I have an ISO file of Windows XP OEM with Service Pack 2 that I just copied from a Dell OEM CD with Dell logos (so I know it is virus free and I haven't modified it in any way). I have used this CD to install Windows XP in a variety of computers (not just Dell) so I know it works. I have also used it to repair several installations for friends/family. I have even been able to remove any Dell trademarks when I wanted to. I can put it in a drop box folder and share it with you if you like.

This email is direct to you because I don't want to post links and information in public. Let me know by return mail to this address if you want the link to the drop box and I will send it in a separate email.

Mac


Re: Tek 310 HV transformer

Ed Breya
 

The potting compound is probably a glass- or alumina-filled epoxy - not for strength, but for fire retardant characteristics in the event of an arc/meltdown situation. Possibly for better cooling too, if it has a lot of alumina. Ed


Re: SHOULD THE SCALE ILLUM. ADJUST THE TRIG HOLDOFF ON A 2246? i DONT THINK SO...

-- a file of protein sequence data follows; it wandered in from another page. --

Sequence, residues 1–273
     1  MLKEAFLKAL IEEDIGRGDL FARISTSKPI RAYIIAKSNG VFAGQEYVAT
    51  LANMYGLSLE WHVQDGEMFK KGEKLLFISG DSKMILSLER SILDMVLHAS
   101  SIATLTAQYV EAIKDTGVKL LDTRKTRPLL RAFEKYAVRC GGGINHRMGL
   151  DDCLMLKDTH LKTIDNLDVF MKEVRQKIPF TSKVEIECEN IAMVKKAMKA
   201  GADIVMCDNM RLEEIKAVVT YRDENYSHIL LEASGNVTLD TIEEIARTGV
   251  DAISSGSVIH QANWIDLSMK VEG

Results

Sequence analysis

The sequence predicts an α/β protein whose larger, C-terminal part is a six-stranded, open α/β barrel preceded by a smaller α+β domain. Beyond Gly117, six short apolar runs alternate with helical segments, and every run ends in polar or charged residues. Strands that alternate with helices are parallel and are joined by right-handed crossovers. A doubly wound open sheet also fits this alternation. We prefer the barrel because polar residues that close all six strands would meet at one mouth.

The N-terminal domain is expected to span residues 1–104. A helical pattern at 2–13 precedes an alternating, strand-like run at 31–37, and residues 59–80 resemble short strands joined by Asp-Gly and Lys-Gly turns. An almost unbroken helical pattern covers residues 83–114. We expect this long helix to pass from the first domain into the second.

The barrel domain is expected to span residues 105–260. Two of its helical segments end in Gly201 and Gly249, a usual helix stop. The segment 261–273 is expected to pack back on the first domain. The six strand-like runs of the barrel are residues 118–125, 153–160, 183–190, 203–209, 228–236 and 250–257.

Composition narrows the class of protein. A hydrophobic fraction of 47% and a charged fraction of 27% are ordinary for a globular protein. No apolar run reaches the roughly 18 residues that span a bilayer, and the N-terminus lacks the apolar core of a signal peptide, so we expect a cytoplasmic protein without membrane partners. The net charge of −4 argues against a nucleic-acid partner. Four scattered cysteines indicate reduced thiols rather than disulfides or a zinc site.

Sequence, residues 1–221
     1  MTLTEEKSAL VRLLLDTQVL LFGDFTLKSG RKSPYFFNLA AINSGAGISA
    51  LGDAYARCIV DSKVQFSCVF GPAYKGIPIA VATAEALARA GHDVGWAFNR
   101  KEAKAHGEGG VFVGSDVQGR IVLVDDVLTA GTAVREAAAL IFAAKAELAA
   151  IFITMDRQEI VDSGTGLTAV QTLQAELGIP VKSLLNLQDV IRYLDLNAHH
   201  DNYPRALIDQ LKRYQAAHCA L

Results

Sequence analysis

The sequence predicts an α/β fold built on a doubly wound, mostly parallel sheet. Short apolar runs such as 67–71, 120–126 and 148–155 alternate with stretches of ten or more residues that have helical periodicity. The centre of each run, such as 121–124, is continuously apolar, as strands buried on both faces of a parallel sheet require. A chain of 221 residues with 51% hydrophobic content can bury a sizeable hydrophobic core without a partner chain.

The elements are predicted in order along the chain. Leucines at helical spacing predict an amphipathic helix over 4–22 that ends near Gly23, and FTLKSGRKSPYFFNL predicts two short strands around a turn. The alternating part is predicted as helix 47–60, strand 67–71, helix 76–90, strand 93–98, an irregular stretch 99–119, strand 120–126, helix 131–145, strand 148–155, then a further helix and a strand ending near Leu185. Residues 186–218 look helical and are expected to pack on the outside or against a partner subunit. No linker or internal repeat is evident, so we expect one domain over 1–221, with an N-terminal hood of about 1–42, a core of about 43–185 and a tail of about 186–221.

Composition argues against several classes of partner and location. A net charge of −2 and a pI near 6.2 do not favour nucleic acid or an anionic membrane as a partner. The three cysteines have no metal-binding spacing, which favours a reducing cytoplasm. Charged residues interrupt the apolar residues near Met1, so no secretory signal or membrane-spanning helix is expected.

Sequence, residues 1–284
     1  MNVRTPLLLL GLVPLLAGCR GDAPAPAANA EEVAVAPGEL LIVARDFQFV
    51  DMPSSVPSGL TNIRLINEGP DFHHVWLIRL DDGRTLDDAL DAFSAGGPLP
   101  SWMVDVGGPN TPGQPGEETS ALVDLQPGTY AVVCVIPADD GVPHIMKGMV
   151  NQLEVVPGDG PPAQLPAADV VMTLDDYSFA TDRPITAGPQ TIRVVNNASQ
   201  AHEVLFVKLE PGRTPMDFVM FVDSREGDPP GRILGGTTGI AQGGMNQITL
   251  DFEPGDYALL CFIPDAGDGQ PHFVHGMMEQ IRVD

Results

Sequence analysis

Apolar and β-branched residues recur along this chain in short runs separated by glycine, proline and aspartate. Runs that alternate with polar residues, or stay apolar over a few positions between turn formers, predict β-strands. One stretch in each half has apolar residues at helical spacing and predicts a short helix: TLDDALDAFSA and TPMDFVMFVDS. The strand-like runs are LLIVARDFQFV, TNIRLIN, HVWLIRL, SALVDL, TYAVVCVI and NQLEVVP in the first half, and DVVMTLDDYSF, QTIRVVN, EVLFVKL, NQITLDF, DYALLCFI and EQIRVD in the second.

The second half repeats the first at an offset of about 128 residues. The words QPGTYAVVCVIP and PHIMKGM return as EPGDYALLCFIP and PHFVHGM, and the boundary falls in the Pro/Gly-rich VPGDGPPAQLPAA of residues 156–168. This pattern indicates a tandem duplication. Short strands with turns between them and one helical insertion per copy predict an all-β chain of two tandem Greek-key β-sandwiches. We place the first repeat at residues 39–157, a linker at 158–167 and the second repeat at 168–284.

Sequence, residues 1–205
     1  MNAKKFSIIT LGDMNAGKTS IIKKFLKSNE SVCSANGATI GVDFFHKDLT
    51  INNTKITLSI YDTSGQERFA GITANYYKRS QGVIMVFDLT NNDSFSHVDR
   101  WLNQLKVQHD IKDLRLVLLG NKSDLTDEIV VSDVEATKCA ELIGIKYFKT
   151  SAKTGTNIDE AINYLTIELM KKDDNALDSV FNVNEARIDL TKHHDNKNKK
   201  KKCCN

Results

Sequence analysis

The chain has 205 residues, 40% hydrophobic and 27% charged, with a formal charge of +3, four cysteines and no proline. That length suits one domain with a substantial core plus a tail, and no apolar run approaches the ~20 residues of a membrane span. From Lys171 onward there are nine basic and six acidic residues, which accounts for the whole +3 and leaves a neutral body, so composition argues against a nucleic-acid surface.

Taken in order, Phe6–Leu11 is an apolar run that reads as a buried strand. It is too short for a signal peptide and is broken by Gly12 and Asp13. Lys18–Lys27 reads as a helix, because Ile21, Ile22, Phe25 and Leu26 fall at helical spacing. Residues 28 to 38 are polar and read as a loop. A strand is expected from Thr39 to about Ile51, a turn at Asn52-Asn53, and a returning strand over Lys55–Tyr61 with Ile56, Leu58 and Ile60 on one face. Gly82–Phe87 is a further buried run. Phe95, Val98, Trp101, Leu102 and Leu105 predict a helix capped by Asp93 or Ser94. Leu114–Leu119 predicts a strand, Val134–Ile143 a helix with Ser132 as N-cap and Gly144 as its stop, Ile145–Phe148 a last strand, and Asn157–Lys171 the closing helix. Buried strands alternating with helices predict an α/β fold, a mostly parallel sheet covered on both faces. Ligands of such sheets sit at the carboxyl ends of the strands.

Cliff White
 

On my 2247 the scale illumination affects the deflection factor
slightly. I haven't investigated why, but everything else works normally.



Respectfully,
Cliff White, W5CNW
w5cnw@... <mailto:w5cnw@...>
On 09/08/2014 09:50 AM, David @DWH [TekScopes] wrote:

I do not see any way short of a connector going to the wrong place or
being
misaligned for the scale illumination control to affect anything
except the
scale illumination because that is the only thing it connects to.

The scale intensity and A intensity are adjacent on the W900 connector
(schematic 7) so maybe it is misaligned. Further, the scale intensity
is a 0 to
+15 volt signal and the A intensity signal is -2.5 to +2.5 volts. The
input
multiplexor will only handle signals from -7.5 to +5 volts; if an input is
above +5 volts, then it may "leak" although looking at the schematic I
do not
see how it would get into the holdoff control. This may depend on the
order in
which the processor reads them though.

The other controls including the intensity controls and the holdoff
control are
multiplexed both on their inputs and outputs so having them interact
with each
other is a certainly possible if something is wrong there.

On 07 Sep 2014 16:12:24 -0700, you wrote:

Hello Thanks for having me. Can anybody confirm that according to the
schematic for the 2246 the scale illumination board should not be able